On the morning of a battle near Harper’s Ferry, after a sermon by one of his chaplains, Stonewall Jackson, who was an elder in the Presbyterian Church, administered the sacrament to the church members in his army. He invited all Christians to participate in the ceremony. A Baptist, the straitest of his sect, thoroughly imbued with the idea of close communion, was seen to hesitate; but the occasion, and the man who presided, overcame his scruples; and thus it has happened that the prospect of a fight and the eloquence of Jackson made a Baptist forget that baptism is the door into the church. In all Jackson’s army an oath was rarely uttered. A religious enthusiasm pervaded it, which made every man a hero. Conscious of the justice of his cause, and imbued with the strongest convictions of patriotism, his men were irresistible. In this incident we have an explanation of General Jackson’s invincibility; and we are thus enabled to understand why his men were heroes, and why they endured without a murmur the severest hardships to which any troops were subjected during the war.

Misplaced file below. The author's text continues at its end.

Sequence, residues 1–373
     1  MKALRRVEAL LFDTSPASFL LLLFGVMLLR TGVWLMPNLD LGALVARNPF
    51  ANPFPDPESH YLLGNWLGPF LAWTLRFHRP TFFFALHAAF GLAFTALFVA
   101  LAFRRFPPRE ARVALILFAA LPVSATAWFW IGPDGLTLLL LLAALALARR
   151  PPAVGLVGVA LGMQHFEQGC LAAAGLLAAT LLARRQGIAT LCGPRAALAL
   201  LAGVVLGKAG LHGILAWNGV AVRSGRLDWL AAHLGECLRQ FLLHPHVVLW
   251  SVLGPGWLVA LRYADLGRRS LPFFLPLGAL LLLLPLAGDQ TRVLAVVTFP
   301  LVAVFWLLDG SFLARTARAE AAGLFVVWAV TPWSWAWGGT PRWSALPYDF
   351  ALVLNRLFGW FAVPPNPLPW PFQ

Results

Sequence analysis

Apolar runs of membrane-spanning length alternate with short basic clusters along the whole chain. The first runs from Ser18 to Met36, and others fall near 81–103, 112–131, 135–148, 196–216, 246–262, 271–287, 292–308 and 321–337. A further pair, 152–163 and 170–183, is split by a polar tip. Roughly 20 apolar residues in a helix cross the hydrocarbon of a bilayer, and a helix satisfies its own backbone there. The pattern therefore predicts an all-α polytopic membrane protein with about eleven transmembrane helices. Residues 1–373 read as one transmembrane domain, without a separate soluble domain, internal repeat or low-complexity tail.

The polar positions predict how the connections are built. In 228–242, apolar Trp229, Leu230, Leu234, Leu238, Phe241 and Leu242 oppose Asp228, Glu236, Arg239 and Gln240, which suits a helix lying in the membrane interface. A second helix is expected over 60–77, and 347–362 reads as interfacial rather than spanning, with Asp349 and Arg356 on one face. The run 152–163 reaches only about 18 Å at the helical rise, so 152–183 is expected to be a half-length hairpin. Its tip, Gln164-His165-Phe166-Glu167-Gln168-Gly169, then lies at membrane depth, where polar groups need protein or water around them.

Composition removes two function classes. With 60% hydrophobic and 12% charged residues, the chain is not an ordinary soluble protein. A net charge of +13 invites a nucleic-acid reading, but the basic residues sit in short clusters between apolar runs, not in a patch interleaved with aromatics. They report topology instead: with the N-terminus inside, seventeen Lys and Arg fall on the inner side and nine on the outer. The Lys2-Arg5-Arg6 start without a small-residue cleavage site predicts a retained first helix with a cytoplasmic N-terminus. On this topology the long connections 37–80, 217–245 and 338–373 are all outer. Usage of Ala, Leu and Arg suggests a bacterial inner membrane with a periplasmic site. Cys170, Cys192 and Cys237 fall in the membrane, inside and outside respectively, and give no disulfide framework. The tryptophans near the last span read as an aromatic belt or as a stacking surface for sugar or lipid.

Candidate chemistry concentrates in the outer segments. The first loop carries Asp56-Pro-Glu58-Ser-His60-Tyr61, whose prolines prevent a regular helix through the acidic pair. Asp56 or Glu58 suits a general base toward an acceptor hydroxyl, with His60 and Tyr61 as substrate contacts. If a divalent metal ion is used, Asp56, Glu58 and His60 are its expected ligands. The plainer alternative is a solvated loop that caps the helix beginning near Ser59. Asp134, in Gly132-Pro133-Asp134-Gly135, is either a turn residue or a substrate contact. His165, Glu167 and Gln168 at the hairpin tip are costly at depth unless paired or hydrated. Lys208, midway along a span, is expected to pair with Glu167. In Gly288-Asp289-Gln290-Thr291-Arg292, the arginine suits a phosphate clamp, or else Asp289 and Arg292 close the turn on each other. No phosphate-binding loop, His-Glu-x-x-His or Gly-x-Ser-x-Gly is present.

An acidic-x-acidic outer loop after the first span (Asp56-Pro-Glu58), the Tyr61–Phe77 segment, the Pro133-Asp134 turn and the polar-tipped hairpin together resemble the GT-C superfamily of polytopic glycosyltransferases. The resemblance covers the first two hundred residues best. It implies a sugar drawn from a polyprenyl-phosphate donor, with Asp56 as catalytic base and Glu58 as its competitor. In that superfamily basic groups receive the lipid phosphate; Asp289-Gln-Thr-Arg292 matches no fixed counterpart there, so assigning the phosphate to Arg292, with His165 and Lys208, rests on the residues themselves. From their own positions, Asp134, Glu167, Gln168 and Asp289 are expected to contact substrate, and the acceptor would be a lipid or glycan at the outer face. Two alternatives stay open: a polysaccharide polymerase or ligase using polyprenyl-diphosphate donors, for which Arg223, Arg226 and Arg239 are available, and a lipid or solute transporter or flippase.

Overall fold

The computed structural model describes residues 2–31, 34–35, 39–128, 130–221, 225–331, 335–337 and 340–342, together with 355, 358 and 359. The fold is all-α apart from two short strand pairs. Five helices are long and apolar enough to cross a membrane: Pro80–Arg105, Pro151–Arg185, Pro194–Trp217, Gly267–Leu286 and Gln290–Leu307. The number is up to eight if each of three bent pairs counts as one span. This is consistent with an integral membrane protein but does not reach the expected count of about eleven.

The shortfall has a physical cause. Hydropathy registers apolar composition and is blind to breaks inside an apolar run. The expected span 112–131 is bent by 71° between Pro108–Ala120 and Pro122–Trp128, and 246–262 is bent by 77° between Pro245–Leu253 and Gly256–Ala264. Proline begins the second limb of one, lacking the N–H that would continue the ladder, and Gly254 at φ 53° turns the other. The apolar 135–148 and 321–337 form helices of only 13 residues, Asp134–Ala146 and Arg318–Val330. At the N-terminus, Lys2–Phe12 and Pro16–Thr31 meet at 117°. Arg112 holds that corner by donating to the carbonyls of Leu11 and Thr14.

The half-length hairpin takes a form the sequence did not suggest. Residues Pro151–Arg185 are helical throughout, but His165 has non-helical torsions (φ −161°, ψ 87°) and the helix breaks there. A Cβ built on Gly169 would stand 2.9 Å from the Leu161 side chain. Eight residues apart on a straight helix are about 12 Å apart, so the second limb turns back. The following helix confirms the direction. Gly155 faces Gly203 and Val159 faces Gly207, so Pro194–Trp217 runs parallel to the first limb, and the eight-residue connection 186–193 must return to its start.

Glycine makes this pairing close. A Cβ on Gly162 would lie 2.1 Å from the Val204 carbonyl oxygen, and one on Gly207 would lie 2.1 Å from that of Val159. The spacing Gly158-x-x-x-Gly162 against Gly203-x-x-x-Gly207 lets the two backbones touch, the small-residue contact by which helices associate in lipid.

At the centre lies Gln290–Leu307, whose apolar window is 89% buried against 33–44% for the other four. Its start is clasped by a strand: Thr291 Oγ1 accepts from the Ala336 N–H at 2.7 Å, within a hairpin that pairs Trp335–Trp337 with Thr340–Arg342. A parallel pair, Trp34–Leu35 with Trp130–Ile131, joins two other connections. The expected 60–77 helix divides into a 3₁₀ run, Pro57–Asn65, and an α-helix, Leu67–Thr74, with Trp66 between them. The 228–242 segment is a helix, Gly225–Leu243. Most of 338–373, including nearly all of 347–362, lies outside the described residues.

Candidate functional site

Originally posted 2009-07-24 17:24:56.